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Safely coloring the outside of glass containers (not the wax inside)?

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I'm looking at the square Libbey cube jars at my Dollar Tree store and wondering if they can be somehow colored? Is it safe to Modge Podge tissue paper to the outside of the jars? Obviously you don't want to put tissue paper on the inside, but there's always the chance of a jar breaking so that flame could get to the outside. And if the Modge Podge is flammable then you've got double fire hazards there, but if the Modge Podge isn't flammable, then it may mitigate any potential problems with the tissue paper?

Anyway, that's just a very elementary beginning thought on coloring the outsides of glass jars. Are there better methods?

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There used to be a glass paint that you painted on, then had to put the piece on a cookie sheet and bake it on in the oven. It was heat safe. I used it on a couple of food serving containers and you could put hot food and liquids in it with no problem. Think you could put in the dishwasher too, but don't remember for sure. The only way you could remove it was with a scouring pad. Of course, this was over 10 years ago, so I don't know if they still make it, but you could check the craft stores.:)

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You'll see seams if you mod podge and where the glue is as well.

Try Bernadette's suggestion. They do sell some stain glass paints, but I don't know how well they will work ... check Hobby Lobby. Someone there may be able to help you out.

As for the danger ... likely the biggest danger is your jar breaking from too much heat inside.

I think stainglass containers would look oh so cool.

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I have used the paint for glass that you baked, was not food safe. It looked good for painting flowers and it is clear like glass. You can see each stroke but again maybe if rolled on it would look better.

I believe they use Modge Podge to paint the inside of porus containers so they will hold wax and not leak. So the fire thing doesn't apply to it. I'm sure if you cut the paper so it would fit all of one side it would look good. Maybe thin the MP with water and apply with a small foam roller. If you got some really nest tissue paper I think it would look great. Maybe match the paper with the scent. Like Rain forest...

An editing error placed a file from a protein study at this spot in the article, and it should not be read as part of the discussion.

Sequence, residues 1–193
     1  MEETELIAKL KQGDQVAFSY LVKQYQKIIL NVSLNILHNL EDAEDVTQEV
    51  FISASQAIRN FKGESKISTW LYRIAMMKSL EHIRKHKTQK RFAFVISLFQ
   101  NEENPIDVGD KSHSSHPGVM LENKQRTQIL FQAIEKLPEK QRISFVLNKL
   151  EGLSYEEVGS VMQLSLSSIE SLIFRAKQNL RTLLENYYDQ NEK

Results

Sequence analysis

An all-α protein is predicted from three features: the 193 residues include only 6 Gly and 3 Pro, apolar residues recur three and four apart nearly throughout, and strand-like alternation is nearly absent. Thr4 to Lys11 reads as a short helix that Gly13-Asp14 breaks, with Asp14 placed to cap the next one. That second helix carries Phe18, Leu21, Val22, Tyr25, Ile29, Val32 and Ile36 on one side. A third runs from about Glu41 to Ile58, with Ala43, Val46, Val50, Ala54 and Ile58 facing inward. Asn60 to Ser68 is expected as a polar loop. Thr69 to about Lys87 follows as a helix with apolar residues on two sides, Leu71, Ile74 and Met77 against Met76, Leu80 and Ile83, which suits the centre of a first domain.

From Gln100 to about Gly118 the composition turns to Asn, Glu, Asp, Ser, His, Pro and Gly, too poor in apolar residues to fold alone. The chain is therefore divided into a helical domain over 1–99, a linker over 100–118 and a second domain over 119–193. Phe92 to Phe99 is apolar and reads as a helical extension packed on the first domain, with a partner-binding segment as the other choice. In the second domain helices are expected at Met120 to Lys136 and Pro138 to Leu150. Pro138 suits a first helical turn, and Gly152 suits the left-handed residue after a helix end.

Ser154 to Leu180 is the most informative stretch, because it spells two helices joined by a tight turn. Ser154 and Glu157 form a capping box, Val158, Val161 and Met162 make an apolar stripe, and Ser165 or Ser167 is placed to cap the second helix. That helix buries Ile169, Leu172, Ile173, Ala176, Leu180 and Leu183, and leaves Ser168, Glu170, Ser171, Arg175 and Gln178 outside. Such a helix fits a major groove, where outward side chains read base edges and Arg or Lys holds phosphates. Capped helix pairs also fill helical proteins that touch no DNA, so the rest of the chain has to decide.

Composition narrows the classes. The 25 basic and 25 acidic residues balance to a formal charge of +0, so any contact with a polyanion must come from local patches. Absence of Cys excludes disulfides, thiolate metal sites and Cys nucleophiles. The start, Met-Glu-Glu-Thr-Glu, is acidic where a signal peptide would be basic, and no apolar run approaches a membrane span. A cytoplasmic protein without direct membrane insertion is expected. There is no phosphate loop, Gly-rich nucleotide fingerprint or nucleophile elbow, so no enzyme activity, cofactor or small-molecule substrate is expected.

Look at the craft stores they have so many nice things now.


Edited by Sharon in KY
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What about screen printing? I was looking into it before, and I know several personalized gift stores use screen printing to personalize both candles and the glass containers. Not sure if it's dangerous or flammable, but screen printing seems a pretty common way to do it. Actually, now that I think about it, it's probably not flammable since screen printing is used as the industry standard for printing on clothes and just about anything else. You don't have to get a big set up. There is this table top screen printing system, called Yudu, that's gotten some good results and reviews. I talked to a few crafters who use it and am thinking about getting it someday. If you stick with only the Yudu products, then it gets expensive, but you don't have to use their screens, inks or emulsion sheets, despite what the company says :rolleyes2.

Another idea is glass etching. Haven't researched this one much, but I think there is a fairly easy, inexpensive way to do it using this glass etching fluid. Maybe google at home glass etching or something.

ETA: a more involved way with a higher learning curve and more $$ would be dye sublimation. I've also looked into that one pretty extensively as a way of printing on things that can't go through a printer, such as glass containers! Again, this is a very common way to decorate everything from coffee cups, to baking dishes, to ceramic tiles, to t-shirts and leather belts. Just about anything can be printed on using dye sub. I don't believe it's flammable since it is used as a way to decorate baking dishes and clothes.

Edited by candlemama
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